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Discussion on: My Personal Git Tricks Cheatsheet

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ivanalejandro0 profile image
Ivan Alejandro

Track upstream branch
alias git-up="git branch | sed -n -e 's/^\* \(.*\)/\1/p' | xargs git push -u origin "

Assuming that you have set your git-branch alias already, you could simplify this as:

alias git-up="git push -u origin \$(git-branch)"

EDIT: escaped $ to prevent running the alias on definition, thanks @darlanalves

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antjanus profile image
Antonin Januska Author

the problem is that the git-branch got evaluated when I started my terminal. This is in zsh. :/

I'd immediately get "not a git repository" message.

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antjanus profile image
Antonin Januska Author

maybe a function would work?

function gitUp() {
  git push -u origin $(git-branch)
}
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ivanalejandro0 profile image
Ivan Alejandro

Oh, you're right... an alias would be immediately evaluated.
Using a function is the way to go.

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antjanus profile image
Antonin Januska Author

it kind of tripped me up! I was expecting it to evaluate when invoked, just like a function.

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ivanalejandro0 profile image
Ivan Alejandro

Yeah, it may not be intuitive at first... but is really useful to be able to rely on both behaviors (evaluate on definition or when run).
If you wanted to use other aliases within an alias you have to start playing around with eval (which I don't really recommend). Like:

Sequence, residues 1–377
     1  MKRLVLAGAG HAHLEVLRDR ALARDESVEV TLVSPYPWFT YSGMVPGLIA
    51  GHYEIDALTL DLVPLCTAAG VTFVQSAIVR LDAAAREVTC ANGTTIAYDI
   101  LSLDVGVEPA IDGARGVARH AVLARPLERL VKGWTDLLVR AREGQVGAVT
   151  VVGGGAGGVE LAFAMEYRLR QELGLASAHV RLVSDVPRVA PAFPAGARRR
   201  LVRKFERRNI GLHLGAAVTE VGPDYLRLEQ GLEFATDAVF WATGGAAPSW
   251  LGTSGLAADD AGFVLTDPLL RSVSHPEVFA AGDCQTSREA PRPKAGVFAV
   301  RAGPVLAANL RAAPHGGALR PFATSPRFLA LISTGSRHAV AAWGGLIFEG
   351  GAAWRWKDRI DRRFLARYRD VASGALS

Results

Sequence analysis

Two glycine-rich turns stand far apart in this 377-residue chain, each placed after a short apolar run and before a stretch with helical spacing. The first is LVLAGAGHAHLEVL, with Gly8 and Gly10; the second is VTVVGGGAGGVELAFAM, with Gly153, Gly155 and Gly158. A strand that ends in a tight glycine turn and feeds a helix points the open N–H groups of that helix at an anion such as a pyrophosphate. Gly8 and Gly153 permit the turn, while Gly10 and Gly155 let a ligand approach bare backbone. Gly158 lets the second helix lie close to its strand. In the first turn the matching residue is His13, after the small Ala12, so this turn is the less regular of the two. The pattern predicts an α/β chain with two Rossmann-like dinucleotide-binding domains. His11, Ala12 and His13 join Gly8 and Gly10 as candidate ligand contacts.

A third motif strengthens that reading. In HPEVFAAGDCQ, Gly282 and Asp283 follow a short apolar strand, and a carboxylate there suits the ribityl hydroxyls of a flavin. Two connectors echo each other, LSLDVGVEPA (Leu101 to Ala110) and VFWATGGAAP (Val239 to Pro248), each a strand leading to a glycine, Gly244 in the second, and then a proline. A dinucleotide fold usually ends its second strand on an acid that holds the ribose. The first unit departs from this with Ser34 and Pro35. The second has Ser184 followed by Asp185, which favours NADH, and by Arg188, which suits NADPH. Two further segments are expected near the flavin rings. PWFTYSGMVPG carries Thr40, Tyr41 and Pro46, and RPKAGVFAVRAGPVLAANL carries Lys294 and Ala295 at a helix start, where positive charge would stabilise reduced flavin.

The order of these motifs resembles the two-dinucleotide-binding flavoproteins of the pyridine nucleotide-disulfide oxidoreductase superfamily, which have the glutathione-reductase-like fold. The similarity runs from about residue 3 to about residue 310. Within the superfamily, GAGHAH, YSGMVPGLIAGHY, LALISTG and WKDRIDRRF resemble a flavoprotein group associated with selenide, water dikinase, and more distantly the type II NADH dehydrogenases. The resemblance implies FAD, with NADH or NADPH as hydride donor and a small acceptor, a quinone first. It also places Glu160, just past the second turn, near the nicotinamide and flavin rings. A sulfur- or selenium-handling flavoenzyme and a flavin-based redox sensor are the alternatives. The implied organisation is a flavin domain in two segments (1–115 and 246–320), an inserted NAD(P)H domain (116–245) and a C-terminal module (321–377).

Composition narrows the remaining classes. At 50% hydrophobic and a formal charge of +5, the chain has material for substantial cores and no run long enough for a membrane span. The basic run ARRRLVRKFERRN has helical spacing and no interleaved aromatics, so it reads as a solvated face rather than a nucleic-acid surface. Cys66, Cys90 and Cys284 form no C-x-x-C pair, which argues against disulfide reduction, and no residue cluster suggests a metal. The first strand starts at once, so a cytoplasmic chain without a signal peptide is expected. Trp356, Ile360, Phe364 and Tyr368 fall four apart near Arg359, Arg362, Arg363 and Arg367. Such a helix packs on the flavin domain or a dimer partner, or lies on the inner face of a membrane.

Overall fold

alias testingEval="eval 'git-branch'"

But things get messy pretty quickly... I pretty much use alias for super simple things or functions when I need something a bit longer that could use some extra variables, or to use parameters, or runtime expansion.

btw, I use zsh too :) ... I use prezto and got some configs online if you want to take a look
github.com/ivanalejandro0/prezto/b...

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antjanus profile image
Antonin Januska Author

I get why it works like that and I'm ok with it :) It really just surprised me but then again, I don't do a lot of bash scripting.

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darlanalves profile image
Darlan Alves

The key to it is just escape the $ char in an alias.

alias git-up="git push -u origin \$(git-branch)"

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ivanalejandro0 profile image
Ivan Alejandro

Oh, cool. I didn't know about that, thanks.
I've edited my comment escaping the $.

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koffeinfrei profile image
Alexis Reigel

Git assumes the current branch implicitely, so the following also works:

alias git-up="git push -u origin"

Even better is to use a git alias for this:

git config --global alias.up 'push -u origin'

so you can use it like $ git up.

If you think you need to explicitly specify the branch anyway you can define an alias like this:

git config --global alias.up '!git push -u $(git-branch)'
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antjanus profile image
Antonin Januska Author

Nice! Thank you for the tips!

The git up alias is perfect.

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travisdock profile image
Travis

Not specifying the branch still gives me a Fatal: The current branch has no upstream. Any ideas why?

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koffeinfrei profile image
Alexis Reigel

Did you specify the -u flag?

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travisdock profile image
Travis

Yep, I copied and pasted this exactly
git config --global alias.up 'push -u origin'

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antjanus profile image
Antonin Januska Author

yeah, looks like I have the same issue!

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travisdock profile image
Travis

Ok, after some digging I got an alias to work. I have no idea why it works when nothing else I tried would but here it is anyway. I think it is best to paste the following into your .git-config file directly:

up = "!git push -u origin `git symbolic-ref --short HEAD`"

or if you have git 2.22

up = "!git push -u origin `git branch --show-current`"

I figured this out mostly by messing around with this Stack Overflow answer: stackoverflow.com/a/30529511/9770212